# Ideal Gas Law: Worked Chemistry Problems

The ideal gas law relates the pressure, volume, quantity, and temperature of an ideal gas. At ordinary temperatures, you can use the ideal gas law to approximate the behavior of real gases. Here are examples of how to use the ideal gas law. You may wish to refer to the general properties of gases to review concepts and formulae related to ideal gasses.

## Ideal Gas Law Problem #1

Problem

A hydrogen gas thermometer is found to have a volume of 100.0 cm3 when placed in an ice-water bath at 0°C. When the same thermometer is immersed in boiling liquid chlorine, the volume of hydrogen at the same pressure is found to be 87.2 cm3. What is the temperature of the boiling point of chlorine?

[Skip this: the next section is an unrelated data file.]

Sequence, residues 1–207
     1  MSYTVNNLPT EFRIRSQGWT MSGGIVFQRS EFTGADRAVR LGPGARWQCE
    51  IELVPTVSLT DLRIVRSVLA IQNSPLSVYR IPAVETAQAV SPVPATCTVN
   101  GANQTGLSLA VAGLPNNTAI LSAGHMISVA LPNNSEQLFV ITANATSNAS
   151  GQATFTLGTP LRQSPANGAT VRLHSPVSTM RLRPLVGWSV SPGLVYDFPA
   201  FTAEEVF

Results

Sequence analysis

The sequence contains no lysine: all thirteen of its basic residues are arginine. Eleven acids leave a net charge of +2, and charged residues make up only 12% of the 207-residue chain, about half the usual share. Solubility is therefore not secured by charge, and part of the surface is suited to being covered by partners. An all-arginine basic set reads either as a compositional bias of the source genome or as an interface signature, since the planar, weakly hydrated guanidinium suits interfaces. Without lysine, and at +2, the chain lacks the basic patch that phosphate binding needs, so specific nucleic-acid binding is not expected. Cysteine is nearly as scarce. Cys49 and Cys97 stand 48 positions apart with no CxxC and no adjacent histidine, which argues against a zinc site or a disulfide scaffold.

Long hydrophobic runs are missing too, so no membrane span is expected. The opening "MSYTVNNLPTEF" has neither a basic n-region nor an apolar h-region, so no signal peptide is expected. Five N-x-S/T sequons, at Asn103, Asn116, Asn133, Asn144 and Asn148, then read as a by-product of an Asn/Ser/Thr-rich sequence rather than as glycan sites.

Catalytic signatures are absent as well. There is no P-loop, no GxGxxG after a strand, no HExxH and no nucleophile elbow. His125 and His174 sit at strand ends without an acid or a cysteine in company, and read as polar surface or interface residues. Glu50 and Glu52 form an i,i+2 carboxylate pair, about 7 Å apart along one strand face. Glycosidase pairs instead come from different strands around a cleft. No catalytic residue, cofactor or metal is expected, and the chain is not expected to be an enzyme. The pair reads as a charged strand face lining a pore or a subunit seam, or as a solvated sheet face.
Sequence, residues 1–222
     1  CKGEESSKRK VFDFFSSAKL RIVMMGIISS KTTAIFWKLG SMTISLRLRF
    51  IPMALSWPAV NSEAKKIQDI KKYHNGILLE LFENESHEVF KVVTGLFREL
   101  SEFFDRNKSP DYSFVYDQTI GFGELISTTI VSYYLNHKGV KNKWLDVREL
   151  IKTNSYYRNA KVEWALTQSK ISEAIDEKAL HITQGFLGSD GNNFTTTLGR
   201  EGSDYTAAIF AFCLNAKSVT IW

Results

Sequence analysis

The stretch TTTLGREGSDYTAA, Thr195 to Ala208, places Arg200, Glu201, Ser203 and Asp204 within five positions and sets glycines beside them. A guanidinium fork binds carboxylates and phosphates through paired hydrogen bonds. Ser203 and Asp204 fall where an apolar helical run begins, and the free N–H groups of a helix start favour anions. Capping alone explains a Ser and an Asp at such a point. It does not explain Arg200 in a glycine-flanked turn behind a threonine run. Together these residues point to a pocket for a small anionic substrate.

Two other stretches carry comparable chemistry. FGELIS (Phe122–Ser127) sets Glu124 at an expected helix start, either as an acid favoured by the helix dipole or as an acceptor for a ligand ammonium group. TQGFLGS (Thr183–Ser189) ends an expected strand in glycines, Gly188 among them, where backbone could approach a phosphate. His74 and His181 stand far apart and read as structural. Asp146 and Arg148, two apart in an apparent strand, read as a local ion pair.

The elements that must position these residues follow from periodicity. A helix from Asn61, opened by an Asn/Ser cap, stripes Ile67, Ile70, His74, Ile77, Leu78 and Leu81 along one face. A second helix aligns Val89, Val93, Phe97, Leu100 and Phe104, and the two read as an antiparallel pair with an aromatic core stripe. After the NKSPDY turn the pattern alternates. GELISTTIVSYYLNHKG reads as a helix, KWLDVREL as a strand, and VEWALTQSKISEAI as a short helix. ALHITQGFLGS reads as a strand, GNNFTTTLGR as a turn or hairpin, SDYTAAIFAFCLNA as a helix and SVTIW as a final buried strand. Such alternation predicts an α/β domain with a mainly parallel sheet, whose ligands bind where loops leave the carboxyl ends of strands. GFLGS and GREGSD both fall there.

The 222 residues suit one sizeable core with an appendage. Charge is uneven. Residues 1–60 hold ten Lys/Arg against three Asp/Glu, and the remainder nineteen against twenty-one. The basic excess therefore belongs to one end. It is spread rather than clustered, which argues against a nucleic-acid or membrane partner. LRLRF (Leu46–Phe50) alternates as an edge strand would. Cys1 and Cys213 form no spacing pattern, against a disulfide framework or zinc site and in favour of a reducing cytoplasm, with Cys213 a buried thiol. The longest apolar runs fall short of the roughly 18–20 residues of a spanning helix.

Solution

For hydrogen, PV = nRT, where P is pressure, V is volume, n is the number of moles, R is the gas constant, and T is temperature.

Initially:

P1 = P, V1 = 100 cm3, n1 = n, T1 = 0 + 273 = 273 K

PV1 = nRT1

Finally:

P2 = P, V2 = 87.2 cm3, n2 = n, T2 = ?

PV2 = nRT2

Note that P, n, and R are the same. Therefore, the equations may be rewritten:

P/nR = T1/V1 = T2/V2

and T2 = V2T1/V1

Plugging in the values we know:

T2 = 87.2 cm3 x 273 K / 100.0 cm3

T2 = 238 K

238 K (which could also be written as -35°C)

## Ideal Gas Law Problem #2

Problem

2.50 g of XeF4 gas is placed into an evacuated 3.00 liter container at 80°C. What is the pressure in the container?

Solution

PV = nRT, where P is pressure, V is volume, n is the number of moles, R is the gas constant, and T is temperature.

P=?
V = 3.00 liters
n = 2.50 g XeF4 x 1 mol/ 207.3 g XeF4 = 0.0121 mol
R = 0.0821 l·atm/(mol·K)
T = 273 + 80 = 353 K

Plugging in these values:

P = nRT/V

P = 00121 mol x 0.0821 l·atm/(mol·K) x 353 K / 3.00 liter

P = 0.117 atm